Science Writer Stares Out Window


girlWhy are the clouds moving so fast? Is the wind that’s pushing the clouds faster than the wind that’s blowing the trees?  I remember, back when I lived in tornado country, hearing that when the winds aloft and the winds on the ground were moving in different directions, a tornado could form.  Was that true?  Why don’t I know that?

What should I write about for an LWON post on the Fourth of July?  How did those guys, Washington and Adams and Jefferson, think they’d ever get away with declaring independence?  Did they really expect Mother England wouldn’t smack them down? Did they really think they could make a living out on their own?  Why don’t I know that?

Or should I write about fireworks?  What is it about fireworks that makes people think “JOY!” rather than “DUCK!”? the rise into the sky like Gothic arches, maybe?  Why have people been celebrating with fireworks for so long – seventh century, Wikipedia says?  Fireworks’ different colors are caused by compounds made of certain elements – that’s sweetly right, isn’t it? if you want blue, go copper.  Are the element colors in fireworks the same as the element colors in atoms that astronomers use to figure out what stars are made of? what the sun is made of?  Why don’t I know that?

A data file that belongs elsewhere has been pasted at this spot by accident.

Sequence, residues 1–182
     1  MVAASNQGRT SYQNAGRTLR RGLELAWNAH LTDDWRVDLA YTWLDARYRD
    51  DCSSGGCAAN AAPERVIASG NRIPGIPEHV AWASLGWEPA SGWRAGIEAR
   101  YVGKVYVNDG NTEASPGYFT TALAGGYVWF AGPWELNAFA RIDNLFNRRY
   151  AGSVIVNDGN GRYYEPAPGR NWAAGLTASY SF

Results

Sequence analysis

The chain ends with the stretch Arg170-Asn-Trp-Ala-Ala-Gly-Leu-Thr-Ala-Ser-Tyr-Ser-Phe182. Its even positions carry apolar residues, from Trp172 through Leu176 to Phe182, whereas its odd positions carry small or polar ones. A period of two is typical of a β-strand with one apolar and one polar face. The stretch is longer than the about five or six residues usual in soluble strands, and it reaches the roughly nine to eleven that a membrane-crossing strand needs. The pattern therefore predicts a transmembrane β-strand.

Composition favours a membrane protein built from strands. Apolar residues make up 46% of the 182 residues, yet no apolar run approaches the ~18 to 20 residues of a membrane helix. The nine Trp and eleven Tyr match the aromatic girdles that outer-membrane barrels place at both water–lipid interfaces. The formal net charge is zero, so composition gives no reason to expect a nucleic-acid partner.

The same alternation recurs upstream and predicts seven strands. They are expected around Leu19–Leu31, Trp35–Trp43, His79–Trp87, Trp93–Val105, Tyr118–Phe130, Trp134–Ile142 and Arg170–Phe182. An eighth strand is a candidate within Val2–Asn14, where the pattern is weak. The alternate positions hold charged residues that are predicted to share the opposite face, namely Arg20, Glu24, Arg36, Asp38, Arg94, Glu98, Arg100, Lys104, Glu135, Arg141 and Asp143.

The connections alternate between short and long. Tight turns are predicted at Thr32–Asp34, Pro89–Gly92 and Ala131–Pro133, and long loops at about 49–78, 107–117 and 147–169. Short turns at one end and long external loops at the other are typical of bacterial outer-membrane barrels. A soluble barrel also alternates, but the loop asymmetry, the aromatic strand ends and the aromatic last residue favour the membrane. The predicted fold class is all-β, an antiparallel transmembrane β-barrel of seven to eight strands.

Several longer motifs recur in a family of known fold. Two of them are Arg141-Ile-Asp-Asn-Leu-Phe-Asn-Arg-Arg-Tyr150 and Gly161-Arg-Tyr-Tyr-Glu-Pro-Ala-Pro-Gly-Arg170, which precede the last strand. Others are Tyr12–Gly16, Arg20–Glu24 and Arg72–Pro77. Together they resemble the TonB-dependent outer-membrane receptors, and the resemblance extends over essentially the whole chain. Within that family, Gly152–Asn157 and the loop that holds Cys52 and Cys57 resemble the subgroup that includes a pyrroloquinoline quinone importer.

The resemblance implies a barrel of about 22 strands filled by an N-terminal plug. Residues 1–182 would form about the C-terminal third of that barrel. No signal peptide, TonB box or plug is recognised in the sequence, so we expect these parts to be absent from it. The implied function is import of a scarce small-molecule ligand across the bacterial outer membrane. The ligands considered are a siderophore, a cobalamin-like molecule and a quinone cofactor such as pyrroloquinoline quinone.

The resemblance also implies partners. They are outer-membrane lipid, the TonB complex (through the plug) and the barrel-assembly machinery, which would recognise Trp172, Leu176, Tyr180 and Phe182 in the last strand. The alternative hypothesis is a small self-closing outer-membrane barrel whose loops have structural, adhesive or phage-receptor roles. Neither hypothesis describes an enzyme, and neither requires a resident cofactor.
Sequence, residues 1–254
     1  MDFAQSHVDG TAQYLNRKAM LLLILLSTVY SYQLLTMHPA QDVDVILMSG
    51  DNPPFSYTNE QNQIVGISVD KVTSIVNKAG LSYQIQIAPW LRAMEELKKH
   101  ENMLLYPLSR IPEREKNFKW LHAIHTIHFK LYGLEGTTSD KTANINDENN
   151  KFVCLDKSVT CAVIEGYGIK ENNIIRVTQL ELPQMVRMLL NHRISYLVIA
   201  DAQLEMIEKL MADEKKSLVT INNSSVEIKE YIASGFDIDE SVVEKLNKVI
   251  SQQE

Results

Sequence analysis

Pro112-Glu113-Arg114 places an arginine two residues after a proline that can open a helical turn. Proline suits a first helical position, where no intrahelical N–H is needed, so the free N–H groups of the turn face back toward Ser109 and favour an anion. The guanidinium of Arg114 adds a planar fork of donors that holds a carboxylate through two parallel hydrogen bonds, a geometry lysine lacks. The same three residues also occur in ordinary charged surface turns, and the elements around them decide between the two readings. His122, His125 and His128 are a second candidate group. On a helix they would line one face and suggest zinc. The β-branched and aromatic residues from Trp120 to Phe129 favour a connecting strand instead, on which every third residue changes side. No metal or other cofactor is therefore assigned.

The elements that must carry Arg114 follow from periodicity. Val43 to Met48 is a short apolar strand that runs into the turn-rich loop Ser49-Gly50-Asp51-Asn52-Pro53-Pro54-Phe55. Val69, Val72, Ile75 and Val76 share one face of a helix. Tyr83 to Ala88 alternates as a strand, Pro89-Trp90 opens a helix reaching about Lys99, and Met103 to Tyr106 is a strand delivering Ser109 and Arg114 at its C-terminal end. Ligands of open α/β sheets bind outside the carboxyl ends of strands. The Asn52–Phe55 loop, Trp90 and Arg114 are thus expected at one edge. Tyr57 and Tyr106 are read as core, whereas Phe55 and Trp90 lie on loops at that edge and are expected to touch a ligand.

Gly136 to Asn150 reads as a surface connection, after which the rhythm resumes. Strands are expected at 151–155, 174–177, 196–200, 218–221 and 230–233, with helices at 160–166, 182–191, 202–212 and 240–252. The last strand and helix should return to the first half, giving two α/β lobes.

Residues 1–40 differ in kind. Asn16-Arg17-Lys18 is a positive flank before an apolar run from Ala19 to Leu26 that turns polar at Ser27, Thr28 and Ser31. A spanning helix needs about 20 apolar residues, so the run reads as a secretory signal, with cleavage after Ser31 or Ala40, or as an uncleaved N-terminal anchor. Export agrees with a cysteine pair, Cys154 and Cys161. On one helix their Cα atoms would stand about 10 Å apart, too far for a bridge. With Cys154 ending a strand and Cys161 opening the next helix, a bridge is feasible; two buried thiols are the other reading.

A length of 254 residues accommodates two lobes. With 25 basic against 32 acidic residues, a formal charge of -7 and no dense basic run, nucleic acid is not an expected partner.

Speaking of sun colors, I saw a double rainbow the other day.  Part of its doubleness was an indisputable second rainbow.  But the first rainbow also seemed to repeat itself, ROY G. BIV — that is, once it got to violet, it started over with red and orange again.  Is that even possible?  Why don’t I know that?

640px-Sideling_Hill_cut_MD1A long time ago I was an English major and was interested in writing only poems and short stories.  One day I was driving the Pennsylvania Turnpike through the Appalachians and noticed the lines in the roadcuts slanted up when I was going up a mountain, and down when I went down; and that seemed to make a kind of primitive sense and I stopped thinking about it.  An hour or so later I got to the Alleghenies and noticed that no matter whether I went up or down a mountain, the lines in the roadcut stayed flat. Flat. It made no sense at all. Why did that happen? And why didn’t I know that?  Why didn’t I know anything about the factual world?

Over the next couple years, I figured out that I didn’t want to be a poet, I wanted to be a science writer.  And I learned how to learn things.  So now I know why the roadcut lines in the Appalachians go up and down, and the ones in the Alleghenies are flat — it’s the Alleghenian Orogeny, and God! It’s a great story. Continents! WHAM! Scroooootch. Fooomp. Rumplerumplerumple.  Up go the plateau, the Front, and the folded mountains!  Makes me feel fireworksy JOY.


Photo credits:  looking out the window:  thorinside

Famous Sideling Hill roadcut on the Pa. Turnpike, in the rumpling, folded part which is the Appalachians — lines not going up/down but more down/up — by Acroterion

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2 thoughts on “Science Writer Stares Out Window

  1. Fireworksy – love that word! Seeing things on big time and distance scales (quasars, continents, nanotech) does it for me, too. Ain’t science just wonderful? So lucky to be part of it.

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